What it’s like to spend Saturday night in a nightclub made entirely of ice
I’m thrilled to see an actual washroom when I arrive at Chill Ice House. This allays my very real fear of having to pee on a hand-carved ice toilet.
It’s Saturday night and I’ve just showed up for my pre-booked time slot, which will run from 11:15 p.m. to 12:00 a.m. Chill Ice House charges $19 admission per 45-minute time block—presumably because that’s the longest most people will freeze their butts off before they start to feel miffed about having to pay for the experience.
From the outside, the place looks like a fairly normal King West club. Inside, not so much.
“Blue or red?” asks the hostess. She’s standing behind a counter at a sort of reverse coat check. Behind her, dozens of fur-trimmed parkas are hanging up in rows. She hands me one, along with a pair of thin grey gloves, and I see that it’s more of a tent-style cape than a coat. Cape on, I look like every yard-duty supervisor I had in elementary school.
Behind me, a couple of ladies in short skirts and heels groan as they pull on the muu muu–like cloaks. I can’t help smirking a little. The forced uniformity of the bulky capes is a great equalizer.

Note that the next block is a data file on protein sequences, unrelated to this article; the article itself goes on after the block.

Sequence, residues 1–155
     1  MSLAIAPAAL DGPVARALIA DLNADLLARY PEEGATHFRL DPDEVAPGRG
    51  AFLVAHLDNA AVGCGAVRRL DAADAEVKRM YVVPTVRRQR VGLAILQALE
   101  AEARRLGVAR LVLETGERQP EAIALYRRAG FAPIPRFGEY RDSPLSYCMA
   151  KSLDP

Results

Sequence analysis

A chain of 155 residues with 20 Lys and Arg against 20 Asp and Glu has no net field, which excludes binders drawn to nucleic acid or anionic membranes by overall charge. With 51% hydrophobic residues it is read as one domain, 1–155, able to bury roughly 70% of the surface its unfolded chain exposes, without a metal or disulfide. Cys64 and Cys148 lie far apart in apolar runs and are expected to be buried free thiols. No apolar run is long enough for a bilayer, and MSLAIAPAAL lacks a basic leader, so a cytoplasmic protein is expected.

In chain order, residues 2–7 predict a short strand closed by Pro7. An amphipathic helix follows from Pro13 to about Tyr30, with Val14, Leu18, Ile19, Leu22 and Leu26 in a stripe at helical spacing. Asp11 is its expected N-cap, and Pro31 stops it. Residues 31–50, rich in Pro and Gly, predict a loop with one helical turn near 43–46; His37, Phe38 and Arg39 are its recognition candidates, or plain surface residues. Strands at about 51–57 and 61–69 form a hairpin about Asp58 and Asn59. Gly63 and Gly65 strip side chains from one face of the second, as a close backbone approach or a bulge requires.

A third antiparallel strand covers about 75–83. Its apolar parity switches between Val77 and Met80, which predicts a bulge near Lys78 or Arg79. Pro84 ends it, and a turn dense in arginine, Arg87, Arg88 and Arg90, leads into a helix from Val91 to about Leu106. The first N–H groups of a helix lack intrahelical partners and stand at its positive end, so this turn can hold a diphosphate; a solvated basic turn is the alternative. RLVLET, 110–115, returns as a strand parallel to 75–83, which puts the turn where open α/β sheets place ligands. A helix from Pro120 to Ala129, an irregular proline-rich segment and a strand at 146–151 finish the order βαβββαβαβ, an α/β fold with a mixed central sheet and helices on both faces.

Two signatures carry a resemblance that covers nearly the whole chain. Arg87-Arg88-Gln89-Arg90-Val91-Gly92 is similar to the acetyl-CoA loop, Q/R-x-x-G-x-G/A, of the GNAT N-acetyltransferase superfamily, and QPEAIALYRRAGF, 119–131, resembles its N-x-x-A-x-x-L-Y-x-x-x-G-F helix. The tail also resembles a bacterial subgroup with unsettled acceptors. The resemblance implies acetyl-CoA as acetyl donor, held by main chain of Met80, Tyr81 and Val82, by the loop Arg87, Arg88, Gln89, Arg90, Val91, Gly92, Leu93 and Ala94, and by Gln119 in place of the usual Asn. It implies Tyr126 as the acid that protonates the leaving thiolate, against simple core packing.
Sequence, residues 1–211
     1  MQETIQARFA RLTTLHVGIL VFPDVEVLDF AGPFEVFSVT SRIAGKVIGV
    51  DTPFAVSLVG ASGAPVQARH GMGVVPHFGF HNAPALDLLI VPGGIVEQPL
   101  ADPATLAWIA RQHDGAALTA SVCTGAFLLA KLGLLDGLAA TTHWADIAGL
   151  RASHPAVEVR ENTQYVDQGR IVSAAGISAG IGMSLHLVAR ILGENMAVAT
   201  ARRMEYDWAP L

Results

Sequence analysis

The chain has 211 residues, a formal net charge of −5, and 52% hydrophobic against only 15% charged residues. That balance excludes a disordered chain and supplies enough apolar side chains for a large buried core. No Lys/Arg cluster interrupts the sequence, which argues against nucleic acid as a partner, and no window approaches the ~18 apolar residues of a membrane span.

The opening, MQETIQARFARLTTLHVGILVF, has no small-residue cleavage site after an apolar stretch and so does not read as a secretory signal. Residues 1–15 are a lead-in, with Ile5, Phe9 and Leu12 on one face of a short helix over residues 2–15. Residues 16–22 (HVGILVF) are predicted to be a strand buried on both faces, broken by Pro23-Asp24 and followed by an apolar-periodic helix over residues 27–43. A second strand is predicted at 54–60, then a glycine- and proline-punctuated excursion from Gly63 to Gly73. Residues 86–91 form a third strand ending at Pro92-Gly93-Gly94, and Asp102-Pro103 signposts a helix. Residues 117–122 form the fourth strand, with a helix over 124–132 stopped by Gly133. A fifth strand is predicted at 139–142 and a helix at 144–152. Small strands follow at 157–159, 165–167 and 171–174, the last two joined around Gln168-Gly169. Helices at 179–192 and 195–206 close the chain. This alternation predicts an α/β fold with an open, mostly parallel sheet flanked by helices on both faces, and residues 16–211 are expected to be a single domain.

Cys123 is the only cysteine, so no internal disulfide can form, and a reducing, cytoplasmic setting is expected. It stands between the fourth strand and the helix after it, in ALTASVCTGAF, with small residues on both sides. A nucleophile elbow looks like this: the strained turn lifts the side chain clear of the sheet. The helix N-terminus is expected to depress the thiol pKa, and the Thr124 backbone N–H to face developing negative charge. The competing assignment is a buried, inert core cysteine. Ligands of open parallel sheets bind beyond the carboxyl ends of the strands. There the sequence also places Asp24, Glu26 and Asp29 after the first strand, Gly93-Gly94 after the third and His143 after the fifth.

Once I’m suited up, a scantily clad hostess guides me through the heavy freezer door and into a frigid antechamber. “Did you want me to take your picture?” she chirps, smiling. I politely decline. Isn’t she freezing? “Nope! It’s a good way to cool down!” she says. I eye her suspiciously before pushing through to the main ice room.
The lounge casts an eerie, bluish glow. I find out later that the room took three weeks to carve and another ten days to build. The walls are made out of glassy ice blocks that take two and a half days to freeze, each one weighing in at 250 pounds. It’s really cold. The freezer is kept at a chilly minus five degrees Celsius, which keeps all the furniture (including the bar, the booths and the tables) completely frozen.
About a dozen people are milling around a handful of ice sculptures, snapping selfies and saying predictable things (“It’s so cool!”). The sculpture display includes a mini CN Tower, a giant Stanley Cup, a dangling chandelier and a smiling, buck-toothed snowman (Olaf, from Frozen, I’m informed). A pair of foreign exchange students poses in front of the elaborately carved DJ booth, and a group of chattering, bare-legged women huddles together in an ice booth.
I resist the urge to do shots off of a wooden ski, opting instead for an Elderflower Cosmopolitan ($12), which is poured into a glass made of ice. The cheerful bartender, ensconced in a heavy parka, says he “loves” slinging drinks in this glorified walk-in freezer—a claim I find difficult to believe. The glass nearly slides off the table and I have to make sure to grip it with both hands. I wander over to the ice booth and sit down. Fearing hemorrhoids, I give up after a brief moment of “chilling”.